Paramveer Singh

Paramveer Singh Review Summary

If you are in the market for a good financial advisor or firm, then avoid Paramveer Singh at all costs. Previous clients have reported and complained about serious financial damages and/or fraud. Paramveer Singh is also under FINRA’s radar. Previously FINRA has uncovered well-reputed firms and advisors to be guilty of shocking crimes, which include but are not limited to:

  • Misrepresentation
  • Fraud
  • Scam
  • Siphoning Of Client’s Funds
  • Embezzlement
  • Dereliction of Duty

Nefarious Background Of Paramveer Singh (CRD No. 5224401)

  1. Singh entered the securities industry in September 2009. Singh became registered with FINRA as a General Securities Representative in December 2009 and as a Research Analyst in March 2010 through his association with a FINRA member firm.
  2. From September 2009 through May 2019, Singh was associated with several FINRA member firms.
  3. On May 10, 2019, Singh became registered with FINRA as a General Securities Representative and a Research Analyst through his association with BofA.
  4. In October 2019, BofA filed a Uniform Termination Notice for Securities Industry Registration (Form U5) on behalf of Singh, stating that he was discharged due to “[c]onduct involving the use of a corporate credit card inconsistent with firm policy.”
  5. In December 2019, Singh became associated with another FINRA member firm. On July 20, 2020, that firm filed a Form U5 disclosing that Singh voluntarily terminated his association.
  6. Although Respondent is no longer registered or associated with a FINRA member, he remains subject to FINRA’s jurisdiction for purposes of this proceeding, pursuant to Article V, Section 4 of FINRA’s By-Laws, because (1) the Complaint was filed within two years after July 20, 2020, which was the effective date of termination of Respondent’s registration, and (2) the Complaint charges him with misconduct committed while he was registered or associated with a FINRA member and with providing false information to FINRA during the two-year period after the date upon which he ceased to be registered or associated with a FINRA member.

Paramveer Singh Complaints & Reviews

On May 30, 2019, while registered through BofA Securities, Inc. (BofA), Respondent
Paramveer Singh converted and misused approximately $21,000 of BofA’s funds. On
that day, Singh intentionally charged personal expenses at an adult entertainment
establishment (the Adult Venue) to his BofA corporate credit card knowing that his firm
had the financial responsibility to pay for these charges. Singh’s use of the firm’s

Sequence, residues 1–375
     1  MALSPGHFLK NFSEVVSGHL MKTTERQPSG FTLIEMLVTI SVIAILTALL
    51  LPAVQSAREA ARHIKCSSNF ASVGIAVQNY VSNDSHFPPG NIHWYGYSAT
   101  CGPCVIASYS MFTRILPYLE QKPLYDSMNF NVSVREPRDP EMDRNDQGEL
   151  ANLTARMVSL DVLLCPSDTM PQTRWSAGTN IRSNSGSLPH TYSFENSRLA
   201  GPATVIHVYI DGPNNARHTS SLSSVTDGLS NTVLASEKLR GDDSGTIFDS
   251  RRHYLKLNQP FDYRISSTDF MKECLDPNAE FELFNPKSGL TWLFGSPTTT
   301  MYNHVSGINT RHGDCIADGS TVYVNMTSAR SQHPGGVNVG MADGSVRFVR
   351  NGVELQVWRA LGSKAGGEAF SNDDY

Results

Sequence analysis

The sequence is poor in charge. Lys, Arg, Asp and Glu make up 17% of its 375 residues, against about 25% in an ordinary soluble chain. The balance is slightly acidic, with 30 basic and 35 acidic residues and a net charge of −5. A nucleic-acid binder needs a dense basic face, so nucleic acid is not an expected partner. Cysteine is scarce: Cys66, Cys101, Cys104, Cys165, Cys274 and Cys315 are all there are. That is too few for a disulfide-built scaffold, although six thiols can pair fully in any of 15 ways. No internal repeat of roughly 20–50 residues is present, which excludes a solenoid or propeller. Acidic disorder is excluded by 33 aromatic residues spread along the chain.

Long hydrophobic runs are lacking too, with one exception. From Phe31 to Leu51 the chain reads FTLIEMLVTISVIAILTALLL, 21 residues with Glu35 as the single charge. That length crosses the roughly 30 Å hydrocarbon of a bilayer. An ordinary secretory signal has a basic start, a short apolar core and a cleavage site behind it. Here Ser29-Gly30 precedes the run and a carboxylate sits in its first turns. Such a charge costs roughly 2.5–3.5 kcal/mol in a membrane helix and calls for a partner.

corporate card in this manner was not authorized or consistent with firm policy. BofA
paid the credit card company for these charges, and Singh never returned the funds to
BofA. By converting and misusing approximately $21,000 of BofA’s funds, Singh
violated FINRA Rule 2010.

In addition, Singh violated FINRA Rules 8210 and 2010 by providing false information
to FINRA staff in writing in response to FINRA Rule 8210 requests, and during his on the-record testimony pursuant to FINRA Rule 8210. Specifically, Singh falsely told
FINRA staff, both in writing and orally, that he did not make or authorize the May 30,
2019 charges at the Adult Venue on his corporate credit card. He also falsely denied, both
in writing and orally, making a telephone call to the corporate credit card call center on
May 30, 2019, during which on a recorded line, Singh identified himself by name,
confirmed his email address and the card’s credit limit, and inquired why additional
charges on his BofA corporate credit card were declined at the Adult Venue on May 30, 2019.

Penalty For The Terrible Crimes

SANCTIONS CONSIDERATIONS

Recent Illegal Activity(s)Of The Individual/Firm

A. Singh Charges Personal Expenses Incurred at the Adult Venue to his BofA Corporate Credit CardOn the evening of May 29, 2019, and continuing until the early morning of May 30, 2019, Singh attended the Adult Venue on a personal, non-business related visit.

  1. On May 30, 2019, Singh made eight separate charges at the Adult Venue on his BofA corporate card, totaling $20,767.96.
  2. The following table shows the amount of each of Singh’s May 30, 2019 charges at the Adult Venue on his BofA corporate credit card:
Paramveer Singh table
  1. On May 30, 2019, Singh also made two charges on his personal credit card at the Aduli Venue totaling approximately $8,400.
  2. On May 30, 2019, at approximately 2:42 a.m., Singh called the corporate credit card ca center (Call Center) because certain charges on his BofA corporate credit card at the Adult Venue were declined. Singh’s call to the Call Center was recorded.
  3. During the recorded call, Singh advised the Call Center representative that he was with client and inquired about certain declined charges at the Adult Venue.
  4. During the recorded call, Singh verified his identity and provided specific details about his corporate credit card, including the card’s credit limit and his email address on file.
  5. On June 1, 2019, Singh again called the Call Center. This time, he claimed that he had lost his BofA corporate credit card at the Adult Venue. During this call, Singh claimed that the May 30, 2019 charges at the Adult Venue were fraudulent
  6. In addition, during July 2019 phone interviews BofA conducted of Singh, he falsely informed the firm that the May 30, 2019 charges at the Adult Venue were fraudulent ar that his corporate credit card had been stolen.